This article is a dedicated daz studio animation tutorial that covers everything connected to animations. Daz3d Animation possibilities are quite good and diverse. So we are going to inform you about all the main aspects of the animation. Such as Interface and main tools and different ways animate avatars/objects and more.
The goal is to allow a total newbie to animate in Daz Studio. We will teach you everything you need to know to start animating and improving on it.
If you prefer to watch parts of it as a video, see the below Daz Studio Animation Tutorial Video, otherwise keep reading.
When you open Daz Studio you should be greeted with something similar to the screenshot below.
By default you should have both tabs for the Timeline and an aniMate available at the bottom left of the screen. Just press on any of them and they would open.
If you don’t have these tabs there, don’t worry. You can easily find them, same as any other windows, in the “Window > Panes” option.
The default “Timeline” in Daz Studio is to say frankly, not the best. The AniMate2, on the other hand, is a much better tool in all ways. But by default you only have the Lite version of AniMate and need to buy the full version to use it. If you have the full version, then the Timeline tool would become obsolete. If you don’t, then the best way is to use both AniMate Lite and Timeline.
Easy Daz Studio Animation using Presets
Firstly, let’s look at the AniMate Lite. As it is arguably easier to understand and work with than Timeline. After you add any figure to your scene, you will see something like this:
At the top you have all the time controls. You can start daz Studio animation, go to the start or end of the animation, loop it or select the specific frame that you want. Right above our character is a menu for controlling layers, but we don’t have access to that in the Lite version. And at the bottom we have animation presets that we can choose from.
Let’s pay more attention to the last thing we mentioned, animation presets at the bottom. If you mouse over available animations you can see how your character is executing them in real time.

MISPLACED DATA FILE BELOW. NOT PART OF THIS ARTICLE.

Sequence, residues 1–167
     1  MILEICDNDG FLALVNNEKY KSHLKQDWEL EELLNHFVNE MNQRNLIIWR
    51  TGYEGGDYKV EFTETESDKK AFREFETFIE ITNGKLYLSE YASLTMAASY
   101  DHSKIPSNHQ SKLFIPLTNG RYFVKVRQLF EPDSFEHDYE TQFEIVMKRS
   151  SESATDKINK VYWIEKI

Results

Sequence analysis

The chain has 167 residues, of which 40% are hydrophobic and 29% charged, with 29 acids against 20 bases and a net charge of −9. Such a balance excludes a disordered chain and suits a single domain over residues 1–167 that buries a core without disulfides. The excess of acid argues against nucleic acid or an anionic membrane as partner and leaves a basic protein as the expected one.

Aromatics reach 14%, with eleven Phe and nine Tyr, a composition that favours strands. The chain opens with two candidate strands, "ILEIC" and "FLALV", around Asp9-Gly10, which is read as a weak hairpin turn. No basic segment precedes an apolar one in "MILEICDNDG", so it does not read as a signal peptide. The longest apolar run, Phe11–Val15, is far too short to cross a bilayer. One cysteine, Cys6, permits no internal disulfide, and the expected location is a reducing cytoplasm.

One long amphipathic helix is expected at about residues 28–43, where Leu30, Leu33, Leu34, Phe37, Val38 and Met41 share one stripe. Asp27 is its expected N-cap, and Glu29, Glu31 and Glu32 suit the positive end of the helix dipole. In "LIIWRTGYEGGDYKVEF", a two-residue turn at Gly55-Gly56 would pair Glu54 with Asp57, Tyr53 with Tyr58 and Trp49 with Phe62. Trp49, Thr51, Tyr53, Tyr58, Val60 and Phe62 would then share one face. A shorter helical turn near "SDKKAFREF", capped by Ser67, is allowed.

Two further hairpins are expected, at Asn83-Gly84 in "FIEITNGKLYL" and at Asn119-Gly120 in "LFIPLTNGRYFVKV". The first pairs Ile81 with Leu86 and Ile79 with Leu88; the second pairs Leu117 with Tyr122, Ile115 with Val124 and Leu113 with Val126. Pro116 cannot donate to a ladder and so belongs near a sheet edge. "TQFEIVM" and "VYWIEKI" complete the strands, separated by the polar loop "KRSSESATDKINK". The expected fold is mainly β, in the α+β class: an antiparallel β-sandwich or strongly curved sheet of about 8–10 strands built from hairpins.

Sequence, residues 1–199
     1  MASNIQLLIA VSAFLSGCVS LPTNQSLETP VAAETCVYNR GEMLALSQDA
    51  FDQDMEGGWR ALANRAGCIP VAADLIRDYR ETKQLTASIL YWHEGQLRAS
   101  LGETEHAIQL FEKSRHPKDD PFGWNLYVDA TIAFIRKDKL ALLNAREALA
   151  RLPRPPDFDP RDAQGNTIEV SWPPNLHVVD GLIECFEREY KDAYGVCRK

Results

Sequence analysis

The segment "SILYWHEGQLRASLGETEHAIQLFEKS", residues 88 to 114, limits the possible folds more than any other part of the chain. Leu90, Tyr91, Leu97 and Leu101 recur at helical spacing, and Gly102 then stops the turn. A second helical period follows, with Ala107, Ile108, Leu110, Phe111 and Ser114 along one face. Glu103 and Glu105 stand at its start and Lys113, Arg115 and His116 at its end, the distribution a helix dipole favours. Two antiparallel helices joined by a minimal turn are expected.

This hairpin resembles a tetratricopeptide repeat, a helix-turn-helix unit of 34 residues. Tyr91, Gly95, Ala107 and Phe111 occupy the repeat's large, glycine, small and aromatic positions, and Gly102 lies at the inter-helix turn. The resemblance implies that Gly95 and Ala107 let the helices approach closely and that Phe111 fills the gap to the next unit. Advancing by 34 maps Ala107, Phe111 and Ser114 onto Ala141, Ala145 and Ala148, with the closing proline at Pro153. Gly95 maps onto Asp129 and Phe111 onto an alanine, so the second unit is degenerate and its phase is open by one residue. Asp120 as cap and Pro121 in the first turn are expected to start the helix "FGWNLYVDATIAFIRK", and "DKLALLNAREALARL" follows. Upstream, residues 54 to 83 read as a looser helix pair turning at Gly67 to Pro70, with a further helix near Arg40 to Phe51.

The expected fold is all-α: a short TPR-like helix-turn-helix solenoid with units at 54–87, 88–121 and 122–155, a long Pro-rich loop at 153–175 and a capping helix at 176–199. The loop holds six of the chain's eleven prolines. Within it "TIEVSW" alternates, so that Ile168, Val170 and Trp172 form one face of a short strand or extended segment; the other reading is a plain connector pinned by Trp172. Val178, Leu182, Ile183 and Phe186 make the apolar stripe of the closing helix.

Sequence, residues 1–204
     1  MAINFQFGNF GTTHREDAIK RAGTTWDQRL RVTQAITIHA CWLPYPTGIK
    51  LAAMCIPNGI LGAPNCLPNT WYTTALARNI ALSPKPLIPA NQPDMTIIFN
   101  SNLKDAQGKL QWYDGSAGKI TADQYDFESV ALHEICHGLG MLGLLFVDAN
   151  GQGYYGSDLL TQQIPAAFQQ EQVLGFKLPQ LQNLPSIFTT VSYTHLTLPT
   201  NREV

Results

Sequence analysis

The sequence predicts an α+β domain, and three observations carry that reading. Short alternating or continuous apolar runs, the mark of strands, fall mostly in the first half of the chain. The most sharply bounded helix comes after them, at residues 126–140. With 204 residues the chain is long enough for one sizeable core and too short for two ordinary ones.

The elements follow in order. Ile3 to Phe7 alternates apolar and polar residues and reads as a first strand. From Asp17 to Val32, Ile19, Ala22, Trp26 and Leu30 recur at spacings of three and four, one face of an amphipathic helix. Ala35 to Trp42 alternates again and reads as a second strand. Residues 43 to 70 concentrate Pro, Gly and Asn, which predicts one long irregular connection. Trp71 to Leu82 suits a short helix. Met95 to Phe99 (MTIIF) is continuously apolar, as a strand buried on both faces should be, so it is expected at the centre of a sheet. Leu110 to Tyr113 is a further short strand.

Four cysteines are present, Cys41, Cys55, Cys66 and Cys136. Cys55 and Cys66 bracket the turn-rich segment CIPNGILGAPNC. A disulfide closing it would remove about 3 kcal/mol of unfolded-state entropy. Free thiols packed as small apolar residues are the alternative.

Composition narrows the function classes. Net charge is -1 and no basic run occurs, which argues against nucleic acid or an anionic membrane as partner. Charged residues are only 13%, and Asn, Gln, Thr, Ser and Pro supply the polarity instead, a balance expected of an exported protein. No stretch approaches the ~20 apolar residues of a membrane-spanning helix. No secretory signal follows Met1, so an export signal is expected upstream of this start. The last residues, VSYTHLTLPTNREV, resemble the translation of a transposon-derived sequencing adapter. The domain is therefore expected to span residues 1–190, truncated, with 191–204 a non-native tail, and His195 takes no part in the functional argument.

Choose any Daz3d animation that you like. Now click on it and drag it to the timeline above. So you would end up with this:
Congratulations, now your character is animated. These cyan blocks are called aniblocks. You can press the play button and look how the figure moves. But it is just a one preset, not a full animation. Let’s make something more interesting.
We will now combine a couple of presets. AniMate tool is really great in combining animations. Let’s make our character walk. If you click on the button on the bottom left of the AniMate interface, you will see a dropdown menu:
In this menu you have all of the available animations that you can use. We are interested in the “Walks” category. You can also find these presets in your “Smart Content” menu, in the “Animation” section. They work absolutely the same
Now let’s try to combine the animations. Find and drag into the timeline the “start-(n)-g8f”, “forward_(1_cycle)-g8f” and “stop-(n)-g8f”. Put them close together, you should end up with this:
Don’t forget to right click on the white quadrangle just above your aniblocks and select “Auto Adjust”. If you don’t do this, the length of your Daz3d animation will not be adjusted.
After doing this, you can press and watch your character perform all three animations one after another seamless. And you can experiment with this to make something more difficult, use turns or other animations.
The default amount of the animation presets are quite low and not really diverse. But you can buy more on the daz3d store. Mainly pay attention to the Animation Megapacks and Posermocap user, that has over 30 animation packs on different themes – but double check if your preferred genesis generation is supported.
Creating Figure Animation Manually
The following will teach you how to animate a daz figure manually.
We already showed you preset animations and how to find and use them. But these are pre-determined and what if there are no animations for your situation? Well, as we mentioned, you can try to find needed animation in the shop. Or, you can create your daz studio animation yourself. We will explain how.
We will work with the Timeline tool this time, so let’s get to know it better. For now we will not change any settings, but you will need it in the future. Here is main interface of the Timeline:
On the left you can see all your available characters that you can animate. A bit to the is the timeline itself, you can see all the frames there and keyframes. On the timeline  there is a yellow triangle that shows what frames it is on the scene now and black triangles are the keyframes.